Sign Up for Weekly Updates

Out of Bounds: Defending the Chiefs bandwagon

Guys, the Kansas City Chiefs are still undefeated.

We’re approaching the ninth week of the NFL season and yet, somehow, Kansas City’s still not getting the attention it deserves.

I get it, though. I’m probably the lone Chiefs fan in Geneseo, maybe even Western New York. I’m probably even the only person in the region who cares about the Midwest team’s success. Because really, why would any New Yorker cheer on the Chiefs?

Before you judge my taste in sports teams, let me explain; I didn’t have a choice. I spent last summer in Kansas City writing about sports for a newspaper. It made me a devoted Kansas City fan – Chiefs, Royals, Sporting KC, you name it.

Whether you understand or agree with my allegiance to the Chiefs doesn’t matter. Just understand how amazing this season is.

Jets fans, you can relate, as you’re loyal to a team that’s not so used to winning ways. Imagine if the Gang Green was graced with this kind of start. I bet you would jump up and down with joy, too, like I do with each win.

So, let me have this moment – er, column.

Week after week, the Chiefs have managed to defeat everyone they’ve faced: the Jaguars, Cowboys, Eagles, Giants, Titans, Raiders, Texans and Browns. No, those teams aren’t the best within the NFL, but Kansas City still routed stronger teams, including the Dallas Cowboys and the Houston Texans.

This isn’t an early-season streak anymore. The regular season is already halfway over, and Kansas City has proven to be a true contender within the NFL.

No longer are the Chiefs the No. 1 pick that only won two games in the 2012-2013 season. These Chiefs could even take the Lombardi Trophy. Alright, I may be getting ahead of myself, but wouldn’t you?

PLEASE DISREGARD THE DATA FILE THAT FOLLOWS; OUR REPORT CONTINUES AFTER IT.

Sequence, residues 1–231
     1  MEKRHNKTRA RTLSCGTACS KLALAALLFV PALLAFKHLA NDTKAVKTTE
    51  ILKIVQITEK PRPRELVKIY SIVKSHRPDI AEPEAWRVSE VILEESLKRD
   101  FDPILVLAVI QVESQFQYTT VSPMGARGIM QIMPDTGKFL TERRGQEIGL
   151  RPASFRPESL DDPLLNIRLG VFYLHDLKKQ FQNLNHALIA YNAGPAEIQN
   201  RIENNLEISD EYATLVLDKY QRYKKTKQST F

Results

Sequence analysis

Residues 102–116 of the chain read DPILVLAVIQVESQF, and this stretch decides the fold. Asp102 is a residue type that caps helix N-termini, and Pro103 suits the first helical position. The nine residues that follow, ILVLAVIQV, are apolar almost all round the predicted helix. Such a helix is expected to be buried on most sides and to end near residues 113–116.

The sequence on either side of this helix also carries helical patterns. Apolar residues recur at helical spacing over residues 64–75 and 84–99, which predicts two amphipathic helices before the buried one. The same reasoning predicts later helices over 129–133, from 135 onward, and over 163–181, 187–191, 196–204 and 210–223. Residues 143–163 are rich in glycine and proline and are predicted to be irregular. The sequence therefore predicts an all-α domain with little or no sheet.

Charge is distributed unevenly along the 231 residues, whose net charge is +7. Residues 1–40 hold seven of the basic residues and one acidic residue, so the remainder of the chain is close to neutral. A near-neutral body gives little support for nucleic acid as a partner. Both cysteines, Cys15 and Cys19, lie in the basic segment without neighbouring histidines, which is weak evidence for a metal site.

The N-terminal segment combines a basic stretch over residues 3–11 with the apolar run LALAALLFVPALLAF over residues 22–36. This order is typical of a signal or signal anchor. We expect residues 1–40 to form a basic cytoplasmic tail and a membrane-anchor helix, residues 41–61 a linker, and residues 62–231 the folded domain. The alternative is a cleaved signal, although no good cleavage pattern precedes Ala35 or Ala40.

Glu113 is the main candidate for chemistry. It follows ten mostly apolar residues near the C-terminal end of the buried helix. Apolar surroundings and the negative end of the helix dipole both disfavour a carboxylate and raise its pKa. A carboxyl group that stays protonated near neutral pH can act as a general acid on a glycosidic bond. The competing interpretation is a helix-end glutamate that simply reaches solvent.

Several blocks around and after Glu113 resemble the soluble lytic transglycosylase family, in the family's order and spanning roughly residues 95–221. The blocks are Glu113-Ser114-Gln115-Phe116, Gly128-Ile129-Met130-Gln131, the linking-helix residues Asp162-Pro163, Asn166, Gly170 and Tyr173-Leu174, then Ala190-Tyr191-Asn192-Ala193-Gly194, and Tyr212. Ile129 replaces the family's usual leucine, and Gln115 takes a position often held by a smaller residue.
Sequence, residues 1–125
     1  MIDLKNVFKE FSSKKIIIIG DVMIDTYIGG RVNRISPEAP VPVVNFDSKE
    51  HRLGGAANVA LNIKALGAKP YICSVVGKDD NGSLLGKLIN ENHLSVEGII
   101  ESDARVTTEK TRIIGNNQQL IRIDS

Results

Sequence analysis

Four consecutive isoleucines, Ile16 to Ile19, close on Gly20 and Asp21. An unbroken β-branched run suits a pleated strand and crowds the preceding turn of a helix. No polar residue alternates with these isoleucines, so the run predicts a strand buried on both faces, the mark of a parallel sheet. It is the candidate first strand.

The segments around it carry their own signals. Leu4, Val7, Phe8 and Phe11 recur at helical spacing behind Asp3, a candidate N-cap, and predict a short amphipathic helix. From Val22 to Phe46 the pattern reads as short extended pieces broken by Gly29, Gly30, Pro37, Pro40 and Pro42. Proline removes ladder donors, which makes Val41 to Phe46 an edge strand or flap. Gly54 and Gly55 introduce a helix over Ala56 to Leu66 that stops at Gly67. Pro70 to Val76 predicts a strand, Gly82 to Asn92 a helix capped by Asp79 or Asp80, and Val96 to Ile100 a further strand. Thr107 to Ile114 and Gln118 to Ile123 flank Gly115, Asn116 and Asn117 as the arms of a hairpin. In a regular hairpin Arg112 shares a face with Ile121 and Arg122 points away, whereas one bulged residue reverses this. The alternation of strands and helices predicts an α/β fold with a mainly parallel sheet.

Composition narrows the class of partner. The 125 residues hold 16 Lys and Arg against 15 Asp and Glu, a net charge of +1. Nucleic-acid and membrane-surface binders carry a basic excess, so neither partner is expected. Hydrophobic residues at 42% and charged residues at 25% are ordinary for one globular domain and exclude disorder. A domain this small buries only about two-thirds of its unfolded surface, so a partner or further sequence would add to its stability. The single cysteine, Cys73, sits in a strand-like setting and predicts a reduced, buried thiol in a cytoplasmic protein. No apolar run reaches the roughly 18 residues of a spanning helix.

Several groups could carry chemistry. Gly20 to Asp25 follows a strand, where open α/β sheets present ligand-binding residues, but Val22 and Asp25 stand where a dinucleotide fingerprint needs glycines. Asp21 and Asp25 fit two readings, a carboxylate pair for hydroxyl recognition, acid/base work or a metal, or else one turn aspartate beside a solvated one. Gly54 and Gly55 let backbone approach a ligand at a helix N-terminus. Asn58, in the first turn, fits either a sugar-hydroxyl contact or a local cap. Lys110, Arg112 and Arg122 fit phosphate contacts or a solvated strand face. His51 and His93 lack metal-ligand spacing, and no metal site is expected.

The coaches should receive the bulk of the credit for the remarkable turnaround from the Chiefs’ previous 2-14 season.

At this point last year, the Chiefs were becoming a “civic embarrassment” as Sam Mellinger, columnist for The Kansas City Star, said. Season-ticket holders no longer felt the same pride and prestige for their team, and even the coaches began to fight and shove each other during practice, Mellinger found. The Chiefs weren’t in a good place to say the least.

And then came Andy Reid.

His hiring was full of doubts. He was fired after a 14-year career in Philadelphia. The 55-year-old is certainly considered a veteran, the fifth in the league, but as former NFL general manager and NFL Network analyst Charley Casserly expressed to The Kansas City Star’s Randy Covitz, what about Reid’s motivations?

“The key when you hire a coach like Andy Reid, is does he still have the fire in the belly?” Casserly said. “Does he still have that burning desire to win, or is he looking for another payday? Does he have something to prove?”

Through the eight weeks, Reid has proven something, though. The lone 8-0 record says enough. The triumphant start means everything because even if the Chiefs are winless in the second half of the season, it won’t define their season. The undefeated record doesn’t just go away.

The Chiefs have made a name for themselves for the rest of the season. Soon you’ll see, New York fans. KC takes on the Buffalo Bills at 1 p.m. Sunday Nov. 3 at Ralph Wilson Stadium, and like every team, they’ll want to be the one to squash the Chiefs’ record.

The Chiefs success … It’s now a problem for New York.

I may be the lone Kansas City fan, but at least, come Sunday, it’ll be nice to be on the other side. That is, the winning side.

Submit a Correction


Leave a Reply